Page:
H.G. Matsyavatar Das

Wednesday, 11 January 2012

The Science of Meditation (part 1). By Matsyavatara dasa (Marco Ferrini)

20th December 2008,
Naples, Castello Angioino

First of all, I’d like to draw the attention on some cosmogonical aspects, in order to facilitate the comprehension of Men context. The Modern Man does not know anymore where he comes from, where he is going, above all he does not know who he is, being fully identified with an external and transitory identity. His decontextualization is one of the most serious problems afflicting today’s society and cannot be simply solved through erudition. The search of oneself is the substrate of meditation and it is confirmed by the great Indovedic tradition works as Samhita, Upanishad, Itihasa and Purana, that can lead a very interesting dialogue with modern Western Tradition. Among numerous authors and Thought Masters which have drawn resources, cues and concepts from the very extensive Vedic culture for their doctrines and theories, we should mention Carl Gustav Jung and his “individuation process”. To individuate oneself means to get acquainted with one’s deepest nature, instead of restricting oneself just on the superficial and fallacious level of sensory perception. The signs and information reaching our consciousness from the external environment, through our sense organs and next elaboration at cortical level, are just a fraction of reality, even less than 10% as indicated by Prof. Genovesi during his speech. Knowledge of reality through the senses is a null result, as well as our capability to understand, since it is conditioned and subject to sensory perception. Hence, not only senses (indriya) are misleading, but also the perceptive information fields related to the mind (manas), being based on sensory perception.
The tendency (vasana) of the mind to depend on sensory information brings to a preconceived, rigid and generally structure perception of the world, that when not integrated and enriched is useless to define the individual identity.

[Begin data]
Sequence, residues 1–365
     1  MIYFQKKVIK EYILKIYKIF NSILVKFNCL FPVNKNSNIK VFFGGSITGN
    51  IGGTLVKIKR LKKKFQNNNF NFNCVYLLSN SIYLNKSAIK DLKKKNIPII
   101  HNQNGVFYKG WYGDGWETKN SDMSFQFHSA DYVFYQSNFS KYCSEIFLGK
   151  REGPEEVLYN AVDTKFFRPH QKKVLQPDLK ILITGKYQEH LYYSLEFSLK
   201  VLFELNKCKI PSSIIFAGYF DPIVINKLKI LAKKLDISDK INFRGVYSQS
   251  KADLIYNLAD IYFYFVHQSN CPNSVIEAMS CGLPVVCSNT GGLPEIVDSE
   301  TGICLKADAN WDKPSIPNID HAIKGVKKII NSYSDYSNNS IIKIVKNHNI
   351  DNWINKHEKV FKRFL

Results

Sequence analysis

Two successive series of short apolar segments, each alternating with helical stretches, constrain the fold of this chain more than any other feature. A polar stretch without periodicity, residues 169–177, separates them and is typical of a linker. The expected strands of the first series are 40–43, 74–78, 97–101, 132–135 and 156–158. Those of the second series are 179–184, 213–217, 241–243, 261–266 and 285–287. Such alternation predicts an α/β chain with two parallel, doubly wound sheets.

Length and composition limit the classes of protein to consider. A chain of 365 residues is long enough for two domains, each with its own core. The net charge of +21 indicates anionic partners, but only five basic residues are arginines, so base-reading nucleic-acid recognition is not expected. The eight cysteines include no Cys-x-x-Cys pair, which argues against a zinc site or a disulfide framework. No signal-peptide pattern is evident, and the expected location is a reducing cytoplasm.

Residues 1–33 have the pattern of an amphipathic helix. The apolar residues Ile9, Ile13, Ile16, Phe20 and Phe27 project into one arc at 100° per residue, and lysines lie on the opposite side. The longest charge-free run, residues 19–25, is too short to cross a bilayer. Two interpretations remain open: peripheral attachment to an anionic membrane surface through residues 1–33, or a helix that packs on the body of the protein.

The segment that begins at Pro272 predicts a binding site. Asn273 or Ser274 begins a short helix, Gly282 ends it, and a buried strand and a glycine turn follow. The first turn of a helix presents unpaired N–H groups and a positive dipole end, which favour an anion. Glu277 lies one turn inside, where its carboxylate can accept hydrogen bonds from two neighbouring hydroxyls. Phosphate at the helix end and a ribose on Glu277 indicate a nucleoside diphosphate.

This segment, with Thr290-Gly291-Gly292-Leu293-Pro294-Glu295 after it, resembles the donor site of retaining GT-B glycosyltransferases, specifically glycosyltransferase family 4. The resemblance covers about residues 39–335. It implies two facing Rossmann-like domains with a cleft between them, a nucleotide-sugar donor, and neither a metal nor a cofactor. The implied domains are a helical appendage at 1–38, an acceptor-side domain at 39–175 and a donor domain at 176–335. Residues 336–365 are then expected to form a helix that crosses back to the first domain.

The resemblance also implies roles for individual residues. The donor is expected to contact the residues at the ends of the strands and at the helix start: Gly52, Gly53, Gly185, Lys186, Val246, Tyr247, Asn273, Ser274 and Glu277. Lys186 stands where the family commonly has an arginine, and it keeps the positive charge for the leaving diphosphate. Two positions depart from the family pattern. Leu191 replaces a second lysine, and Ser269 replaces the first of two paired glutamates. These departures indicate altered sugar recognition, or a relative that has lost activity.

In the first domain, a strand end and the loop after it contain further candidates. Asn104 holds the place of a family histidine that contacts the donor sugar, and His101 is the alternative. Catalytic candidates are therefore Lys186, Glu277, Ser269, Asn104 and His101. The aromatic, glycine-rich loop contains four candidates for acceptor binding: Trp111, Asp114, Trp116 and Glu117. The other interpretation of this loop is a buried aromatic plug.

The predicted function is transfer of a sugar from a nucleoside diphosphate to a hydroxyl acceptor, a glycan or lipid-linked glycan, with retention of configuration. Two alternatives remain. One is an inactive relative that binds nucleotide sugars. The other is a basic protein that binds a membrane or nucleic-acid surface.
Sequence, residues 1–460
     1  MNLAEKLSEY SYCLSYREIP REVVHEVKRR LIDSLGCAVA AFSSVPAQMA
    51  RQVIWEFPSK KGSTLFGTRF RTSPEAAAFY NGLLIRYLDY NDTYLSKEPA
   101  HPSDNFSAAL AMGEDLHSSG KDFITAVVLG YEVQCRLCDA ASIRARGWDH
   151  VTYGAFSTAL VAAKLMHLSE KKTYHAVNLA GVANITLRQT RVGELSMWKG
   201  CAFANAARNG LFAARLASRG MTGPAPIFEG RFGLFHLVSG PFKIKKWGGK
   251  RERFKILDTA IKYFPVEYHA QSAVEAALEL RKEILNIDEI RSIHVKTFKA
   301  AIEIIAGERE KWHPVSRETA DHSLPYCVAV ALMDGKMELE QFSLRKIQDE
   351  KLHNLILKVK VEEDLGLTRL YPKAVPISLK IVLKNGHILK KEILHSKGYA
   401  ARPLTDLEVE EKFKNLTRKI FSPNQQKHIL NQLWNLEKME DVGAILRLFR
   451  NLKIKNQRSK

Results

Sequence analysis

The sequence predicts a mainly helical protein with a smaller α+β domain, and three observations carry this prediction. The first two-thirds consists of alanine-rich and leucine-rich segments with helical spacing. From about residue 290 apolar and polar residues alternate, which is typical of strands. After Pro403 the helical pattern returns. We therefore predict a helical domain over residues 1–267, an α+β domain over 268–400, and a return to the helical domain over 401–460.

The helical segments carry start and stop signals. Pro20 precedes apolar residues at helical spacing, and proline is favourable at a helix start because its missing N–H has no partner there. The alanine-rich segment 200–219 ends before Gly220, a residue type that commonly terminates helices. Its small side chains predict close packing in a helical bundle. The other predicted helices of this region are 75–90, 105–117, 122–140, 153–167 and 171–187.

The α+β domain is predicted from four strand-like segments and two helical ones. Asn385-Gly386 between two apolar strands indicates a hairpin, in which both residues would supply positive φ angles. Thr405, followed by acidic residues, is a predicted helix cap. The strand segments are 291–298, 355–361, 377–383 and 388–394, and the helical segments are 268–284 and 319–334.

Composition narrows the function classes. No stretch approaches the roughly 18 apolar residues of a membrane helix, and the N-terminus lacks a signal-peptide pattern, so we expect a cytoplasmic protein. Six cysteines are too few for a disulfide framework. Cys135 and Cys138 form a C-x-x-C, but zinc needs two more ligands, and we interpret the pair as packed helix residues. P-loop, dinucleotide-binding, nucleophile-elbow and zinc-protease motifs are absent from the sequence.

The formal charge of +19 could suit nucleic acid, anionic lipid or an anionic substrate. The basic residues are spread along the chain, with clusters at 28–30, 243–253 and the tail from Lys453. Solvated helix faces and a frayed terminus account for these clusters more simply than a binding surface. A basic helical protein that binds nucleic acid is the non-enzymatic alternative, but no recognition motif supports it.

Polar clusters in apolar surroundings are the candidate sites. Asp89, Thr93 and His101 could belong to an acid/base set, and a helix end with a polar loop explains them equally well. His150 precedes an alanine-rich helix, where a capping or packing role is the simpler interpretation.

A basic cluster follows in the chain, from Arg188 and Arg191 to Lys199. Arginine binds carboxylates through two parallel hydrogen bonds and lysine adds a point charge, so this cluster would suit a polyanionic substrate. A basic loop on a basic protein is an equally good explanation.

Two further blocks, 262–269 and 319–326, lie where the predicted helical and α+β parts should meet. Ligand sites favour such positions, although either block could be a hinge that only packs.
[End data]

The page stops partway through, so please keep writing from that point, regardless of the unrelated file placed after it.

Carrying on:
The issue about the nature of personal identity is crucial for meditation. Indovedic psychology identifies human being in its entirety: as well as the universe involves three interacting worlds, being constituted from earth, in-between dimensions and heaven, the incarnated human being has a triple nature: physical, psychic and spiritual. The solid, earthy and physical constitution is the material body that includes a complex structure – the most complex structure known today – called nervous system, but also an apparatus that is more subtle, although of material nature, not definable neither graphically nor spatially, not even temporally: the psychic structure. In the end, there is the inmost nature of man, the first cause of life, his essence and real identity: the spiritual one. According to Vedic wisdom every human being is ontologically “atman”, a spiritual and eternal sparkle. To simplify even further, we can say that man’s identity is split into two different aspects: one is related to the psycho-physical conditions that the individual historically experienced during his different life’s cycles, that is called historical self or false ego, the sum of the psychic contents, defined in sanskrit as “ahamkara”. The other one is real, eternal and immutable, beyond time and space and is the spiritual nature. The basic faculty to reach the meditative dimension is attentiveness, that is not controlled by the nervous system, contrary to what is stated by the extreme positivism embraced by the modern western psychology, but in the first instance is promoted by “atman”, the unifying center that holds and gives an unique and unrepeatable characterization to the personality. The spiritual self makes use just of the physiological and biological part of the so called “human being” and feeds and moves his energies. All the Indian classic tradition schools (sampradaya), all the great Masters lines of disciplic succession, who practiced the Vedic teachings in their daily life, recognize that atman is the fundamental principle.

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